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Part of the joy of painting in the 21st century is the range of art styles to choose from. The late 19th century and 20th century saw artists make huge leaps in painting styles, influenced by technology, such as the invention of the metal paint tube and photography, as well as world events.
Art Style: Photorealism Photorealism, Super Realism, Sharp Focus Realism, Hyper Realism, you can call it whichever of these labels you prefer and argue about the minute details between the styles, but ultimately they're all art styles where the illusion of reality is created through paint so the result looks more like a large, sharply focused photo than anything else. Photorealism is a style which often seems more real than reality, with detail down to the last grain of sand and wrinkle on someone's face. Where nothing is left out, nothing is too insignificant or unimportant not to be included in the painting. Though it doesn't mean an artist painting in this style doesn't consider the arrangement of things to make a stronger composition.
Art Style: Realism Realism is the art style most people regard as "real art", where the subject of the painting looks very much like it appears in real life. From a little distance everything looks "real" but up close you'll see it's an illusion created by skillful use of paint, of color and tone. The artist uses perspective to create an illusion of reality, setting the composition and lighting to make the most of the subject.
Art Style: Painterly Painterly is an art style that is close to realism but celebrates more the use of paint, through evident brushwork and texture in the paint. It doesn't try to hide what was used to create the painting by smoothing out any texture or marks left in the paint by a brush.
Art Style: Impressionism Impressionism is an art style that is still much loved today and it's hard to imagine that when it first appeared on the art scene in Paris in the 19th century, most critics hated and ridiculed it. What was then regarded as an unfinished and rough painting style, is now loved as being the impact of light on nature filtered through an artistic eye to show the rest of us just what can be seen if you know how to look properly.
Art Style: Expressionism Expressionism is characterized by the artist not feeling compelled to use realistic colors or using perspective techniques to recreate an illusion of reality. Rather colors are selected to fit the emotion felt or to create emotional impact. In the example of this art style shown, for instance, while we know no-one's face is truly green, nor does anyone have a line around their chin or for a nose, we still recognize it as a painting of a face. But instead of it focusing on being a likeness of someone, it's a painting that conveys a sense of mood and emotion foremost.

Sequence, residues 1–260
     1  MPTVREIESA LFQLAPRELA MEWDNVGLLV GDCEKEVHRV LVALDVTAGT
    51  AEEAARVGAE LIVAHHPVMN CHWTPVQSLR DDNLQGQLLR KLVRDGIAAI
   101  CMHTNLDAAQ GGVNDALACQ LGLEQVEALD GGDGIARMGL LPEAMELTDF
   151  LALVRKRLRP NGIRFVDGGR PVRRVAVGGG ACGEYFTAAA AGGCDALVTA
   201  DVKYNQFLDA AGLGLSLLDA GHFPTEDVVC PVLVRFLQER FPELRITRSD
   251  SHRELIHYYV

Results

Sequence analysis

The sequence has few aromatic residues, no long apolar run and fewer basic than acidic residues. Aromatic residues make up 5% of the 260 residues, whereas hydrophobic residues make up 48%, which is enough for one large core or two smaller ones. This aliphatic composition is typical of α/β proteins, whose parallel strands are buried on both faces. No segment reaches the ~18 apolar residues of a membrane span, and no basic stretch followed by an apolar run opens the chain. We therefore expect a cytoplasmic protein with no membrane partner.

Modernism describes both a set of cultural tendencies and an array of associated cultural movements, originally arising from wide-scale and far-reaching changes to Western society in the late 19th century and early 20th century. Modernism was a revolt against the conservative values of realism. The term encompasses the activities and output of those who felt the "traditional" forms of art, architecture, literature, religious faith, social organization and daily life were becoming outdated in the new economic, social and political conditions of an emerging fully industrialized world. A salient characteristic of modernism is self-consciousness. This often led to experiments with form, and work that draws attention to the processes and materials used (and to the further tendency of abstraction).
Art Style: Abstraction (abstract art) Abstractionism is about painting the essence of a subject rather than the detail, but still retaining an echo of whatever it is that prompted the idea (unlike a pure abstract). You might reduce the subject to the dominant colors, shapes, or patterns. Think reduced reality the detail you need to paint the character of the scene.
Abstract art doesn't try to look like anything from the "real world", it is an art style that is intentionally non-representational. The subject or point of the painting is the colors used, the textures in the artwork, the materials used to create it. At its worst, abstract art looks like a accidental mess of paint. At its best, it has an impact that strikes you from the moment you see it.
Surrealism is a cultural movement that began in the early 1920s, and is best known for the visual artworks and writings of the group members. Surrealist artworks feature the element of surprise, unexpected juxtapositions and non sequitur; however, many Surrealist artists and writers regard their work as an expression of the philosophical movement first and foremost, with the works being an artifact.
Action painting, sometimes called gestural abstraction, is a style of painting in which paint is spontaneously dribbled, splashed or smeared onto the canvas, rather than being carefully applied. The resulting work often emphasizes the physical act of painting itself as an essential aspect of the finished work or concern of its artist. The style was widespread from the 1940s until the early 1960s, and is closely associated with abstract expressionism (some critics have used the terms "action painting" and "abstract expressionism" interchangeably).
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